A "heated pipe" bender is simpler and cheaper.I built mind for about $40 from a flattened 2" conduit pipe, an electric charcoal starter element and a rheostat for temperature control. However, bending with the hot pipe has a learning curve. As such it requires more talent to use than the "Fox" style bender.
 

JonT

New User
Jon
Jon, how long have you been building guitars ?

Brian

Hi Brian. Good question! I'm fairly new to acoustic building I suppose but in thinking about it, it's part of a natural progression and in retrospect seems somewhat inevitable that I would end up here. I've been playing since I was a kid (so 30 years on?) and repairing instruments for the past fifteen or so. I have a background in building street rods, so painting and bodywork/finishwork is second nature. But with guitars it began first as a necessity for my own consumption as I tended to play quite a lot and fret jobs and experimenting with various configurations as I churned through instruments, then as a convenience but also for friends and other musicians. From there, I progressed to repairing and refurbishing old instruments, making small changes, tweaking, refinishing, etc. But after one particularly rough Fender Mustang that needed darn near EVERYTHING fixed, I said to myself, outloud, "it would have been easier to just build this thing from scratch!" I still remember that moment. I paused and thought "yeah, it WOULD be easier to make one." So I started researching, reading up, asking questions & annoying all the area luthiers but simultaneously tooling up, experimenting, building components, moving up to larger assemblies, and found it all makes sense in a weird way. There are a few absolutely critical, key measurements, but with a lot of dimensions there is surprising freedom and flexibility left to the builder to experiment. The fun is being in the moment, thinking about each cut, each design detail and how it will come together to be part of the total work. But there's still the moment of surprise when you string it all up and see what you've got. Just like with kids, you can influence but you can't really change; the wood will be what the wood is and wants to be. Or as a great luthier (I seem to recall Wayne Henderson, Rugby VA?) once said "Not all wood wants to be a guitar." So the trick, then, is learning what wood you can teach to sing. And how. :)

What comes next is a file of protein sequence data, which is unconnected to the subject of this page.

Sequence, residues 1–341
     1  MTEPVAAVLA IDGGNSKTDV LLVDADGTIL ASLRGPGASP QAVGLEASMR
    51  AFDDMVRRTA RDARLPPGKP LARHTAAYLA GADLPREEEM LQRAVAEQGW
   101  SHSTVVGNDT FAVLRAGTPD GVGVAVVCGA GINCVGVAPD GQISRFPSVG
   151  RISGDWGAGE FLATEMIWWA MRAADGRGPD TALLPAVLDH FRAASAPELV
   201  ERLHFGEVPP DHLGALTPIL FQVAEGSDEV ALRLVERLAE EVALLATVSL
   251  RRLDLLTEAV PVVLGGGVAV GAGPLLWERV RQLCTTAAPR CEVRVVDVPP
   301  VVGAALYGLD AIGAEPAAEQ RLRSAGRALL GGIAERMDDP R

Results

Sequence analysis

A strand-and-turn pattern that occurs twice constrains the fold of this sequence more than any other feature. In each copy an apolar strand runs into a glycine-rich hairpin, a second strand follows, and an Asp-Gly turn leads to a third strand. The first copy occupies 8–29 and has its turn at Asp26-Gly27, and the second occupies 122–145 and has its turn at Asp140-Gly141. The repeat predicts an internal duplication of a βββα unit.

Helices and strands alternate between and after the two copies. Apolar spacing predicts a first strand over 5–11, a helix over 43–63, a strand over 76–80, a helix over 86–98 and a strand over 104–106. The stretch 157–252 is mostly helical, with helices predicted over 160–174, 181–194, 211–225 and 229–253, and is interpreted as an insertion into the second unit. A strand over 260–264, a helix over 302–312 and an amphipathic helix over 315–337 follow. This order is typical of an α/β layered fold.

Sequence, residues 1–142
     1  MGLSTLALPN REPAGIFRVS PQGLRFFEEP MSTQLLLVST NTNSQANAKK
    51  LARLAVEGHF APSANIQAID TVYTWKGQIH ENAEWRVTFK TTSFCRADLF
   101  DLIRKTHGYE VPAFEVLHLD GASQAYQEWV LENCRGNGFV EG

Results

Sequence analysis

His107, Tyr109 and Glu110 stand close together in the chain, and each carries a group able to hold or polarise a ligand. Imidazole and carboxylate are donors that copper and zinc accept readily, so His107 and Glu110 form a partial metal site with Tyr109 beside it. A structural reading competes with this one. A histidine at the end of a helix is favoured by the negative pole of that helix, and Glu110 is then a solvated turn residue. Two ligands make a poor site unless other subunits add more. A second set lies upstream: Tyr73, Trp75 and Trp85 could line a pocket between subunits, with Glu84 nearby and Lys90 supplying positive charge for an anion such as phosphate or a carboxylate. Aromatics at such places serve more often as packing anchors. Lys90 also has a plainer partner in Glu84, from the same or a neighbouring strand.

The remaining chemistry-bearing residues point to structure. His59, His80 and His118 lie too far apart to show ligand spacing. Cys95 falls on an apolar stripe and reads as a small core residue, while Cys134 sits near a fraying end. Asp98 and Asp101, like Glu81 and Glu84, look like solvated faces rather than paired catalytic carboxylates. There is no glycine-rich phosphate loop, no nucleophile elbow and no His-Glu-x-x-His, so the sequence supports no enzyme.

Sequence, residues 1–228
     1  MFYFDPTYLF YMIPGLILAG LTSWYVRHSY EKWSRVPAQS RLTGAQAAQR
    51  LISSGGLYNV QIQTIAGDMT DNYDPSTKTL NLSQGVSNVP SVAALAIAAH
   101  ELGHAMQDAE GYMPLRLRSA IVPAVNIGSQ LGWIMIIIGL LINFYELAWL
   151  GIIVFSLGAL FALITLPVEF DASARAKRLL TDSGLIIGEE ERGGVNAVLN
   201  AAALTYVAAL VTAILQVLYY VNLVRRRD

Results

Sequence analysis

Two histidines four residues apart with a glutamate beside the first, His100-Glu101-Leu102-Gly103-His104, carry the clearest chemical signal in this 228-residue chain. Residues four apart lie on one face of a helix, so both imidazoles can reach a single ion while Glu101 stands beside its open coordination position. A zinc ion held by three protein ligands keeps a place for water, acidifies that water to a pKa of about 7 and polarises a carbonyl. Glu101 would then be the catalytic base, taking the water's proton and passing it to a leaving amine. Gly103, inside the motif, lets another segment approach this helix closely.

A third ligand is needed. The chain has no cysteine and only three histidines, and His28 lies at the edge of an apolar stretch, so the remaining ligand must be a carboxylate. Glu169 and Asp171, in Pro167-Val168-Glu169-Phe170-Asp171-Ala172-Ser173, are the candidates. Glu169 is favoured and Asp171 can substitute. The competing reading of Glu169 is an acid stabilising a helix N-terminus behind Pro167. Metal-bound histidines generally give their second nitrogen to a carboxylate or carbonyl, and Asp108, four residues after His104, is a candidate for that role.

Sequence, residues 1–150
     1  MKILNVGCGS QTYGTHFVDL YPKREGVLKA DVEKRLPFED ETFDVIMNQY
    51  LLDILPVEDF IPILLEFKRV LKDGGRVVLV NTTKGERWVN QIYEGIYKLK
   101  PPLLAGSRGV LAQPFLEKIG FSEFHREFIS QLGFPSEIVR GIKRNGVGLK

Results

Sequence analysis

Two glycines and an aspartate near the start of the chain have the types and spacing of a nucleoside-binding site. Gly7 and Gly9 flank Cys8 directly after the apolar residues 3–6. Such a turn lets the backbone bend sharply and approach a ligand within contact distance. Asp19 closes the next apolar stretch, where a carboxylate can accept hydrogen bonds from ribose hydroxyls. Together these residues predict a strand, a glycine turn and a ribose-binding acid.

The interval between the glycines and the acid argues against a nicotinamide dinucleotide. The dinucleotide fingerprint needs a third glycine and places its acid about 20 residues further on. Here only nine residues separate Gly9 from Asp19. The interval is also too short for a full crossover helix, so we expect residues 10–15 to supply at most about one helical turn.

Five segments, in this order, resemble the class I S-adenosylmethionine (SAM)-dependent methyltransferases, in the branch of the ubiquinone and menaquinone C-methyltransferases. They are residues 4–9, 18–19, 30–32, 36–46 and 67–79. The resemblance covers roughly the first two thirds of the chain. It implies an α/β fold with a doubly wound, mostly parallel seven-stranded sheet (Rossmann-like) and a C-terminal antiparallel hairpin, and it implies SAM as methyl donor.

bdjessup

New User
Brian Jessup
Sounds a lot like my story Jon. I just finished my first D-35 like dred and have a 000 almost done with 12 string wood waiting for me as we speak. I have also been playing all my life and my son got me the above book for xmas a few years back. When I retired in 2006 I started woodworking and that got me to Guitar building. We will have to get together some time for lunch and compare notes. I live in Concord but get to Raleigh all the time. In fact, my son lives in Durham and that's were I'm headed tomorrow. We are looking at retirement places over in the Raleigh area.

P.S. I do use a HOT pipe. Works fine for me for the number I might be building. Even with a torch. Nice meeting you here.

Brian